I can think of a few different avenues to address this difficulty but I would be interested in knowing if you had any in mind. At any rate, kudos for taking a stand against boards that obviously have no interest in maximizing shareholder value.



Forty years of observation of the business world and society in general convinces me that the root of all evil is evil. All problems stated here; and most all the ills of today can all be summed up by the _moral decay_ of the past 60 years. America will always be GREAT as long as she is Good. The party is over; time to clean up the mess.



What should happen is a democratic nomination process where every nominee that receives, say, 8% of shareholder votes is put onto the ballot with a summary of which major (>=2%) holders put him there. That way a shareholder that owns 10% of the company who be guaranteed a nominee for each seat and the other shareholders could easily choose to rally around a like minded investor.

Also, shares awarded to management should be non-voting. The biggest shareholders in a company are often the management because that is part of their compensation package. But that allows management to control the board which is supposed to be overseeing them. This is an obvious conflict of interest.



I remember once when I was a young, first-time investor, getting a proxy vote in the mail for one of the companies in which I owned shares. I was very frustrated with the obscurity of the annual reports (I REALLY DID try to understand them) and the absurdity of voting for someone I had heard nothing about, going only on the board's recommendation. I "called" my vote in (an option) instead of sending it in and voiced my complaint to the person on the other line. They had no idea what to tell me. They knew it was absurd but had no answer. It was then that I started to realize the great obfuscation game that is corporate America. I am very, very discouraged with the state of things. We need some kind of "populist" revolt (an insulting label), in the American tradition. Please Carl, keep going. Yours truly, Constance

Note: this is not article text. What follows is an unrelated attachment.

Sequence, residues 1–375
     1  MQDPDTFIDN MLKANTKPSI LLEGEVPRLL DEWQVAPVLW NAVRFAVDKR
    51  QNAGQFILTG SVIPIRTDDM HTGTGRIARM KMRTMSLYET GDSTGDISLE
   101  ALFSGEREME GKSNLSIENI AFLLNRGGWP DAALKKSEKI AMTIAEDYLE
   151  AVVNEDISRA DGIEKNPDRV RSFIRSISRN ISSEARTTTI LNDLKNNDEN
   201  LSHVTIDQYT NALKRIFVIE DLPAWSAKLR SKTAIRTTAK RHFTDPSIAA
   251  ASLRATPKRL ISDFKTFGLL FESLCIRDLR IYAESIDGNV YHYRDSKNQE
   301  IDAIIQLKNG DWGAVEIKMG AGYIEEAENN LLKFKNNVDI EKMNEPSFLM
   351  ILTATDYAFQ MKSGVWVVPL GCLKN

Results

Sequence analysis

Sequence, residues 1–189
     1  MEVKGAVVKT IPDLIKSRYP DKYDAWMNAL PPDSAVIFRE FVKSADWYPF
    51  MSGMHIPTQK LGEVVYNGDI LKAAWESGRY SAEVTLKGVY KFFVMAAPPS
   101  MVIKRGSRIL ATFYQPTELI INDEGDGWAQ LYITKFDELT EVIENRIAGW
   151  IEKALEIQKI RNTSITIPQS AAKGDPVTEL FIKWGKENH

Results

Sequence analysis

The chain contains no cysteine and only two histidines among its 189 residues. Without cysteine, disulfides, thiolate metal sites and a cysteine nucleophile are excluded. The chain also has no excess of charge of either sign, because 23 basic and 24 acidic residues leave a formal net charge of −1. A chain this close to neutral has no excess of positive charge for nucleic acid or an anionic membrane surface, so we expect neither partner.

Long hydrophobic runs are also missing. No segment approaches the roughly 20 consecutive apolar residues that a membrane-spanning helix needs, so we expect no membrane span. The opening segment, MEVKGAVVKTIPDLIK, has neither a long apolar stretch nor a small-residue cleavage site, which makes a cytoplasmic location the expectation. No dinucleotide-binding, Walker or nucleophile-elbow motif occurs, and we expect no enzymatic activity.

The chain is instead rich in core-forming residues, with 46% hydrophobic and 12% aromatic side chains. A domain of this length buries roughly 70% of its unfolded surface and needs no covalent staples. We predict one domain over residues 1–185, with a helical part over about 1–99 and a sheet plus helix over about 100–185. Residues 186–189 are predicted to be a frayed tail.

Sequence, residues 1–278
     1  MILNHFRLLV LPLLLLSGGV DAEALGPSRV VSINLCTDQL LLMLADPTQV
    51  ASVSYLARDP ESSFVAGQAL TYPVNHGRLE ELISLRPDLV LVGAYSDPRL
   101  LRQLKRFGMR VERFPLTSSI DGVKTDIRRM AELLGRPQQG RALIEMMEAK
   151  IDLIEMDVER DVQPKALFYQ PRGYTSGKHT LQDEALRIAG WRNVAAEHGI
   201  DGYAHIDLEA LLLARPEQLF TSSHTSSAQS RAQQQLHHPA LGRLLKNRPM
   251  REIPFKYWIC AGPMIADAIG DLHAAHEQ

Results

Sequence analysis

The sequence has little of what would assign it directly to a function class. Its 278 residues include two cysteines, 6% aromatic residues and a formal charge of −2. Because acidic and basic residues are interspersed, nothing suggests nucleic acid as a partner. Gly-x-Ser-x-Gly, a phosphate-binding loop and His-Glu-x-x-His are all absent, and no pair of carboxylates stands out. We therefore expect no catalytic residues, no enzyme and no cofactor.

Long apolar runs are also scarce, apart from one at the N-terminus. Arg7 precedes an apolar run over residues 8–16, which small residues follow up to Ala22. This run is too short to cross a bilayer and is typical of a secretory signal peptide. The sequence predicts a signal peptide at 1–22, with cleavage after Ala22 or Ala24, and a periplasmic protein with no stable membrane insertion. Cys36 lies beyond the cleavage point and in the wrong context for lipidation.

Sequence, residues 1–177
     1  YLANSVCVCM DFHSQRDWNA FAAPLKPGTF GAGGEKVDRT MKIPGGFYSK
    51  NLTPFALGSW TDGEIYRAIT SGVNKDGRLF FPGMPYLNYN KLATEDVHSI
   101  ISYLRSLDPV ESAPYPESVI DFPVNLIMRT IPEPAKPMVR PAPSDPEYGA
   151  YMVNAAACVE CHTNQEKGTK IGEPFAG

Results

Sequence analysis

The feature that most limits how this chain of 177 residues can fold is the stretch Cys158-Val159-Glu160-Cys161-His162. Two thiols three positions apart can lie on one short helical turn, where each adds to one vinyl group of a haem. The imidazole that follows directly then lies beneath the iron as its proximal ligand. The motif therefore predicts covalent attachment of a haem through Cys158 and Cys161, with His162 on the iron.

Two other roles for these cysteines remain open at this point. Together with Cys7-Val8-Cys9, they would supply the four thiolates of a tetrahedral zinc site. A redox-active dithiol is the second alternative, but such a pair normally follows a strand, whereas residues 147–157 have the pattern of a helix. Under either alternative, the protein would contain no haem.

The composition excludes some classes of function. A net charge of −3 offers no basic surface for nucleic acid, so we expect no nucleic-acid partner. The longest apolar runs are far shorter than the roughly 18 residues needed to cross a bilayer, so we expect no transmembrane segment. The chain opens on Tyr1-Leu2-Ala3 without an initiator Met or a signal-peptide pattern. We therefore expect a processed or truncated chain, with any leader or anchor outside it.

CS Lewis wrote, that competitive pride is the root of all evil. If my pile of stuff is bigger than your pile of stuff, then I am better than you.

The years of deception are over, the Emperor has no clothes and he's damn ugly, to put it mildly.



By R Raymond May

I was asked at a neighborhood get together in November 2008 for my opinion on what was the root cause of this fine mess we find ourselves in. Interesting, everyone knows it was all caused by the collapse in house prices and the sub-prime mortgages debacle! or was it?

No I said, those were only the first symptoms, the root cause was the wholesale institutional culture of corporate theft that has taken hold. The most clear cut sign is the incredible levels of CEO pay, golden parachutes and most of all pay levels on Wall Street. 17 billion dollars for the 2007 Goldman Sachs bonus pool! Almost equal to the company’s current market capitalization.

One group of the stakeholder club – “management” holds all the cards. The others - Capital, employees, community take what management gives them.

The only check and balance on management is the Board of Directors. But how is the board put into place and who checks the board? Certainly not the shareholders, but no, it is the same shameless management.